The Iranian population, especially women, rejects the regime’s basic ideological guidelines. To put it bluntly, the population has long since arrived in the 21st century, while the state is still stuck in the Middle Ages. This discrepancy is crystallized in the hijab issue, which has become the focal point of protests. However, mandatory hijab is only the most visible of a plethora of misogynistic and authoritarian laws in the Islamic Republic. The protest is not primarily against mandatory veiling— it is about relentless injustice at many levels of society.

Relatedly, it is not only women and feminists who have taken to the streets. Just as state oppression and control of women unifies the regime’s authoritarian policies, the cause of women’s freedom has become the umbrella under which accumulated dissatisfaction with and outright hatred of the regime has gathered. Amini’s murder was emblematic of the violence of the patriarchal, violent and corrupt political system in Iran. All suppressed segments of society decided to rally around this woman.

What’s Next?

These protests have appeared different from previous ones from the beginning. First, the initial force was that of women’s liberation. This was a novelty in Iran, but essentially a predictable development.

Second, it was quickly characterized by enormous geographic breadth. Demonstrations have taken place in almost every major Iranian city. Thus, these are not regional protests based on regional factors (such, for example, as the merciless exploitation of nature in the Khuzestan region or the protests against executions in Kurdish regions), even if regional differences are seen in the strength of protests and the violence with which they are met. This time, the women’s movement has managed to overcome ethnic, religious and even classist boundaries and barriers and created unity among the population.

Despite over one month of unprecedented repression, including police brutality, the murder of hundreds of protestors, and enforced disappearances, demonstrators are standing strong. The particular Kurdish and women’s emancipatory roots of the protest movement have not dissipated under these conditions. Rather, they continue to be a driving force behind its strength and universality.

40 days after Amini’s death, images of tens of thousands of Kurdish mourners defying regime repression to visit her grave in Saqqez inspired the country. Discrediting tactics that the regime and Persian chauvinists have used in the past, like portraying protests as secessionist efforts by a small rebellious minority that have no material grounds and threaten the unity of the nation, are rare and ineffective this time. Protestors are still shouting “jin, jiyan, azadi,” publicly demanding the end of patriarchal rule in Iran.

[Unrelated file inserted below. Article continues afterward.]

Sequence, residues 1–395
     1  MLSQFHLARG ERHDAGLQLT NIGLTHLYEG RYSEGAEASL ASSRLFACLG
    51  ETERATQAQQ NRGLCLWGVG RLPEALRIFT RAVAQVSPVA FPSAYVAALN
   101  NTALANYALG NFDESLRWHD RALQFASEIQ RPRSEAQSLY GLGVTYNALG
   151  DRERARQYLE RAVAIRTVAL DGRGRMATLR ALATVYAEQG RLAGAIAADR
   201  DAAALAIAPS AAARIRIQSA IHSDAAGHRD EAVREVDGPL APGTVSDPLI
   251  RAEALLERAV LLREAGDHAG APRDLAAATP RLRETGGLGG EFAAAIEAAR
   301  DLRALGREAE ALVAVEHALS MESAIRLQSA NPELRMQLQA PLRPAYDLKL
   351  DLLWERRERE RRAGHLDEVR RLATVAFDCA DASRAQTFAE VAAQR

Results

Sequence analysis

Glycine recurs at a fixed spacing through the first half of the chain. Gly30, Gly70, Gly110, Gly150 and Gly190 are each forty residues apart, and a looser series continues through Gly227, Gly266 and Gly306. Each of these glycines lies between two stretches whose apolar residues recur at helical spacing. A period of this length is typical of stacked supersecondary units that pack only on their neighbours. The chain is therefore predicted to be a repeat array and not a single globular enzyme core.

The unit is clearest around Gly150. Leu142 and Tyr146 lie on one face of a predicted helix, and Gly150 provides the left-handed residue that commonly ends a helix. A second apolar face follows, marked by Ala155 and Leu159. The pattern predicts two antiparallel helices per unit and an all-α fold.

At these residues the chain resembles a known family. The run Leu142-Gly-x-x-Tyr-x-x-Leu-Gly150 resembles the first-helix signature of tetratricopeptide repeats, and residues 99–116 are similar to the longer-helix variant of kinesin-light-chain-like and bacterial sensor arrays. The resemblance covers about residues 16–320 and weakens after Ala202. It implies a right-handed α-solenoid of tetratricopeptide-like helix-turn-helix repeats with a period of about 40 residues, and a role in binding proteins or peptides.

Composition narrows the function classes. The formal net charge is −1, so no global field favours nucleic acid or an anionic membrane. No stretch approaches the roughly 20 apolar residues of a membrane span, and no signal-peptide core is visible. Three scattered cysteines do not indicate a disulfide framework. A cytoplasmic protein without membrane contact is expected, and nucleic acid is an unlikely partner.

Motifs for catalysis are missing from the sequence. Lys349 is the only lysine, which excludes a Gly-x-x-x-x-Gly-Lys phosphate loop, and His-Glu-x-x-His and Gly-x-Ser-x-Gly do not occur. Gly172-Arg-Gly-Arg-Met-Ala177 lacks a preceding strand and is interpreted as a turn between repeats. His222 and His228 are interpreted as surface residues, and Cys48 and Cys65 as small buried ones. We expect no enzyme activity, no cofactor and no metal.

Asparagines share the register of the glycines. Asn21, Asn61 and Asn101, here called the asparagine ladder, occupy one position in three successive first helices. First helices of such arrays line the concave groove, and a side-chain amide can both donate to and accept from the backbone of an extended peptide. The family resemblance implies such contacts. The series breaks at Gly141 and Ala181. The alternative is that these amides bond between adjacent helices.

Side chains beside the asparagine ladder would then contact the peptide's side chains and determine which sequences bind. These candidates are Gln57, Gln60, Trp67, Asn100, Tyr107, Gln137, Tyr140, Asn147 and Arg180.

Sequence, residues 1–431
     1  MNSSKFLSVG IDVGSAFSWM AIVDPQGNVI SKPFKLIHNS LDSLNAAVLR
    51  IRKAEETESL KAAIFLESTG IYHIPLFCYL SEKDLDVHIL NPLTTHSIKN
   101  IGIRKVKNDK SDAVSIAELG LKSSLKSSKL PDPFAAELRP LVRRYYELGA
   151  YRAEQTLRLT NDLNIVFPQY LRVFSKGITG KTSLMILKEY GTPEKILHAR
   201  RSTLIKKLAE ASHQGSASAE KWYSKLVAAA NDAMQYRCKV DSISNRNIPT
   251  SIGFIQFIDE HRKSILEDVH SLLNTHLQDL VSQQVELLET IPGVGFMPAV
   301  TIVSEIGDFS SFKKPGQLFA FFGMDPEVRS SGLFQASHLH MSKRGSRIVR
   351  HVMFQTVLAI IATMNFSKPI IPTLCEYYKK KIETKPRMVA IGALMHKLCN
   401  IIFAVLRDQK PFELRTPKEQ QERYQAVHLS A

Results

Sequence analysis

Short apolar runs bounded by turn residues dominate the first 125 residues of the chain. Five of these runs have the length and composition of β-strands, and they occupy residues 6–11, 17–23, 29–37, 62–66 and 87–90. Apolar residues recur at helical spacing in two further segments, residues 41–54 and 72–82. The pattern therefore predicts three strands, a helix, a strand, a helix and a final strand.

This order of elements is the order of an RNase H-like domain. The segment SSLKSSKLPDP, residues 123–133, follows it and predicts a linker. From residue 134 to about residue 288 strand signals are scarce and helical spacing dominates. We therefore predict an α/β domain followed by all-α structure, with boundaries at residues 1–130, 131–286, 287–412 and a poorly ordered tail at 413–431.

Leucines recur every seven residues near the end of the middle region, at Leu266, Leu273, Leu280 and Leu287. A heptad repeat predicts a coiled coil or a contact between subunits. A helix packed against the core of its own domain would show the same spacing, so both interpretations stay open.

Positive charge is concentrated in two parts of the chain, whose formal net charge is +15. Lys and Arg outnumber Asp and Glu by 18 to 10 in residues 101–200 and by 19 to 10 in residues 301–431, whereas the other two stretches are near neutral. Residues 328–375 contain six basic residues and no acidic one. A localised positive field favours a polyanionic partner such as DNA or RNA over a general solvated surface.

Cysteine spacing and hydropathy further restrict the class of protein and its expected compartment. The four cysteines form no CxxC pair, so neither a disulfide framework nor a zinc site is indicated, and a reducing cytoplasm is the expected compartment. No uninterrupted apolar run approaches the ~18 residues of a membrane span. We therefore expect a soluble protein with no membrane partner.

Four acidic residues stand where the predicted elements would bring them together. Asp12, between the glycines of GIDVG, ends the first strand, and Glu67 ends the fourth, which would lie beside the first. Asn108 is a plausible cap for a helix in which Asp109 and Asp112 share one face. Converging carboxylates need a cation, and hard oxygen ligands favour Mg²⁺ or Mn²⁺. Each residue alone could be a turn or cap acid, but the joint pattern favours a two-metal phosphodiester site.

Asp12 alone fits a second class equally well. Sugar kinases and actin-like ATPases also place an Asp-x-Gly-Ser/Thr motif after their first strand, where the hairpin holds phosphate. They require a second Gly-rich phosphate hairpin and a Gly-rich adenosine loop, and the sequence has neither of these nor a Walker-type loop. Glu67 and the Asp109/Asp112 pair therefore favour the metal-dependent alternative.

In this way, the protests are unique within the history of the Islamic Republic. Rarely has the regime been so strongly challenged and endangered. The last time the country was in such turmoil, in 1979, women played only a limited, albeit very visible role in the protests. Surviving witnesses with whom this author has spoken estimate that about 25% of the protestors were female back then. This time, the protest movement itself is female.

Today, the stakes are high on both sides. The protestors are extremely motivated to achieve serious change. Iran will not and cannot return to the status quo ante: the genie is out of the bottle, and the climate of public fear upon which the Islamic regime was built upon has been broken.

A change in the political landscape is obvious— yet it is uncertain whether it will ultimately be for the better or the worse. If the regime succeeds in crushing the protests, it is likely that it will double down on authoritarian, nationalist, and patriarchal practices to punish the constituencies that lead the uprising.

If the people succeed in their struggle for women, life and freedom, however, the implications will cause a political earthquake in the Middle East and West Asia. Iran could become the base for ideas and tactics that could lead to the democratization of Afghanistan, Iraq, Syria, Turkey and even beyond.

Some of these dynamics are already at play: Afghan women’s protests against Taliban rule have intensified in recent weeks, with women there now using the slogan “woman, life, freedom” as well. Women in other countries are likely watching closely how the focus on women’s liberation has contributed to the resilience of a broad-based movement for democratization and equality.

Hopes are high that this women-led movement will set in motion a democratization process in Iran and the wider region, building on the rich experience of Kurdish women’s organizing and underlining how intertwined the political stakes of different ethnic and religious groups are.

(Photo by SAFIN HAMED/AFP via Getty Images)

About the Author

Kamyar Nahavandi


Kamyar Nahavandi, a Kurd from East Kurdistan, holds a master’s degree in political science. He contributes to various publications in different languages on topics related to political developments in Kurdistan, with a focus on East Kur…